Allen Holub is a computer scientist, author, educator, and consultant. He has written extensively on the C, C++, and Java programming languages, and on object-oriented programming in general. He also writes about and teaches agile development. He was a Contributing Editor for Dr. Dobb's Journal and JavaWorld, a former columnist for SD Times (Java Watch), and has written the OO Design Process column for IBM DeveloperWorks. He has also written for Microsoft Systems Journal, Programmers Journal, BYTE Magazine, Windows Tech Journal, Mac Tech Journal, C Gazette, and others.

Holub is currently an agile process consultant, software architect, and trainer.

For several years, he taught programming courses for the University of California Extensions in Berkeley and Santa Cruz. Holub currently conducts software design seminars and provides design consulting. His past and current clients include Autodesk, Microsoft, Stanford Linear Accelerator, Lawrence Berkeley Laboratory, Genentech, Fujitsu, Hewlett Packard, Novell, Perkin Elmer Applied Biosystems, Sybase, University of California, Pacific Bell, and PeopleSoft.

Apache Roller

Apache Roller is a Java-based open-source "full-featured, Multi-blog, Multi-user, and group-blog server suitable for blog sites large and small". Roller was originally written by Dave Johnson in 2002 for a magazine article on open source development tools, but became popular at FreeRoller.net (now JRoller.com) and was later chosen to drive the employee blogs at Sun Microsystems, Inc. and IBM developerWorks blogs.On April 23, 2007, Roller project graduated from incubator, so it became an official project of the Apache Software Foundation and it was released 3.1 version, first official release.

Develothon

Develothon is a developer skill marathon aimed at helping the software developer community in India develop skills in newer technology areas. The name Develothon is derived from combining 'developerWorks' and 'Marathon'.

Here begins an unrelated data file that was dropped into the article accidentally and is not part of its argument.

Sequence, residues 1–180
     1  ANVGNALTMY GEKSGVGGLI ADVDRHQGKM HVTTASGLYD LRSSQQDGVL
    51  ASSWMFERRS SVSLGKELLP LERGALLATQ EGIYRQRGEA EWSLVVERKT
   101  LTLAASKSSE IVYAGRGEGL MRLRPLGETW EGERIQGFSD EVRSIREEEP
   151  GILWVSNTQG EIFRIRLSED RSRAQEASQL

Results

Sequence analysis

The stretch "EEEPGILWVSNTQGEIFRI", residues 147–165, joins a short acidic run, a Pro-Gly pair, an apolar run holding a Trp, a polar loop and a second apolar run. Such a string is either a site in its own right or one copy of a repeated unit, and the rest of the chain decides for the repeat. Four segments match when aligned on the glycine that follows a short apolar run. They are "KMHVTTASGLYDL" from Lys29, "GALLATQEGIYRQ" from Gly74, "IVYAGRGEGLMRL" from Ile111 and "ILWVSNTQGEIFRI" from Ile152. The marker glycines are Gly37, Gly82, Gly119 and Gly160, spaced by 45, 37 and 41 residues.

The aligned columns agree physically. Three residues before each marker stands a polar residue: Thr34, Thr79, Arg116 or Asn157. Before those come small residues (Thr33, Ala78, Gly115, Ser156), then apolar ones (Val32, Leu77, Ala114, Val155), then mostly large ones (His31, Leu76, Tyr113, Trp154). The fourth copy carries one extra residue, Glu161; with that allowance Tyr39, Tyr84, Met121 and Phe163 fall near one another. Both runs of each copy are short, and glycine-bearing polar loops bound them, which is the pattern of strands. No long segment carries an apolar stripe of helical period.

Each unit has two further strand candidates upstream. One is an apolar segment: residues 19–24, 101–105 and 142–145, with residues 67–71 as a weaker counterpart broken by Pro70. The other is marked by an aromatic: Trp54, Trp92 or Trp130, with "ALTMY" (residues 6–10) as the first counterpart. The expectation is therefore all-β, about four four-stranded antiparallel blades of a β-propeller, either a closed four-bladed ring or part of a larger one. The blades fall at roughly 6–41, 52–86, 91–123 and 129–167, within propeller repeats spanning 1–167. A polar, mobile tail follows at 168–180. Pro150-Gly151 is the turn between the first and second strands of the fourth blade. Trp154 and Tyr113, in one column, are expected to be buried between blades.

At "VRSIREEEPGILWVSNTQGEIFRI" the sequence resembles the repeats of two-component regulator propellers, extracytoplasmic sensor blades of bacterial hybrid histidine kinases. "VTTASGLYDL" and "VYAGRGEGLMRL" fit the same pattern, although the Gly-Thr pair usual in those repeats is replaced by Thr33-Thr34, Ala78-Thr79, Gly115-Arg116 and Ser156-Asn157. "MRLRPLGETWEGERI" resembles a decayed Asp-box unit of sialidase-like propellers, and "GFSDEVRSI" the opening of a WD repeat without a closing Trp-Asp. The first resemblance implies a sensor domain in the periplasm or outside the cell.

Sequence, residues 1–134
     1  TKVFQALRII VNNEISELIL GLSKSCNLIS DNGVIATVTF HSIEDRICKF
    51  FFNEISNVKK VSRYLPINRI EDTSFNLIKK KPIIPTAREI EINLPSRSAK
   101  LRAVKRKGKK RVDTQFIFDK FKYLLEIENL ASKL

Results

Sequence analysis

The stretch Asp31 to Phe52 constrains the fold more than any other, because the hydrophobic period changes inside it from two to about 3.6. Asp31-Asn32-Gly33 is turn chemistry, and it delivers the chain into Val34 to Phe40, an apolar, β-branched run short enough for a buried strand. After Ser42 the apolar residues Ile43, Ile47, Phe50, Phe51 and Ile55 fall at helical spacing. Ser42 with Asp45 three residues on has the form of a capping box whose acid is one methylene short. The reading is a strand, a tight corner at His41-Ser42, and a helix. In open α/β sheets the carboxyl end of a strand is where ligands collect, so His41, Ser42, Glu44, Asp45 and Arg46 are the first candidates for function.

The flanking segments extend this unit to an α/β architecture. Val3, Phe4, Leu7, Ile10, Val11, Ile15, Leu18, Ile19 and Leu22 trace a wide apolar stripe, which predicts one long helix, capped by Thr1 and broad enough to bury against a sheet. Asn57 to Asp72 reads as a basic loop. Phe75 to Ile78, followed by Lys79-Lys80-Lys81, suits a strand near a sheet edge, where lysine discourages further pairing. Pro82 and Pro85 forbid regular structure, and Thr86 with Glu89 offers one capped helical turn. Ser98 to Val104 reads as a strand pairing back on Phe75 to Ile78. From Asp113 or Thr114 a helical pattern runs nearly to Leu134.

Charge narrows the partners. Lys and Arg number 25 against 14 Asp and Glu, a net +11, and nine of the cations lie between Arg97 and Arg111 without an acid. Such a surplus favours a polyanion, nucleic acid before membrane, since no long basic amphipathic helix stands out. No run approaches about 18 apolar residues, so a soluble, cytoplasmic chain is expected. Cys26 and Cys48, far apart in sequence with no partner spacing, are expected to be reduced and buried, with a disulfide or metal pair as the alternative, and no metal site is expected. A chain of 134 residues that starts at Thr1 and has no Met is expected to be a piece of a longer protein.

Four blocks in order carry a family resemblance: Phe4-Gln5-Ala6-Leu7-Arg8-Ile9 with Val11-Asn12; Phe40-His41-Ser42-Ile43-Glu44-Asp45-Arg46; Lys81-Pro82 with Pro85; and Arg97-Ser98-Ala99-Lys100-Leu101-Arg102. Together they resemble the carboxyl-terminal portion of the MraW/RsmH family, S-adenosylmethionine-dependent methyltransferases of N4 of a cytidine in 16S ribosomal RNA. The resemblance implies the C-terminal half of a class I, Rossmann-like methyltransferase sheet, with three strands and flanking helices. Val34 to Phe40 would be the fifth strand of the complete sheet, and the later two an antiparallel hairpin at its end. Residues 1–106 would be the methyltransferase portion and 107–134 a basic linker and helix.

Elliotte Rusty Harold

Elliotte Rusty Harold (born ca. 1960) is an American computer scientist, lecturer and author of several books on Java and XML and the creator of XOM, an open source Java class library for processing XML data.

FOAF (ontology)

FOAF (an acronym of friend of a friend) is a machine-readable ontology describing persons, their activities and their relations to other people and objects. Anyone can use FOAF to describe themselves. FOAF allows groups of people to describe social networks without the need for a centralised database.

FOAF is a descriptive vocabulary expressed using the Resource Description Framework (RDF) and the Web Ontology Language (OWL). Computers may use these FOAF profiles to find, for example, all people living in Europe, or to list all people both you and a friend of yours know. This is accomplished by defining relationships between people. Each profile has a unique identifier (such as the person's e-mail addresses, international telephone number, Facebook account name, a Jabber ID, or a URI of the homepage or weblog of the person), which is used when defining these relationships.

The FOAF project, which defines and extends the vocabulary of a FOAF profile, was started in 2000 by Libby Miller and Dan Brickley. It can be considered the first Social Semantic Web application, in that it combines RDF technology with 'social web' concerns.Tim Berners-Lee, in a 2007 essay, redefined the semantic web concept into the Giant Global Graph, where relationships transcend networks and documents. He considers the GGG to be on equal ground with the Internet and the World Wide Web, stating that "I express my network in a FOAF file, and that is a start of the revolution."

Google Test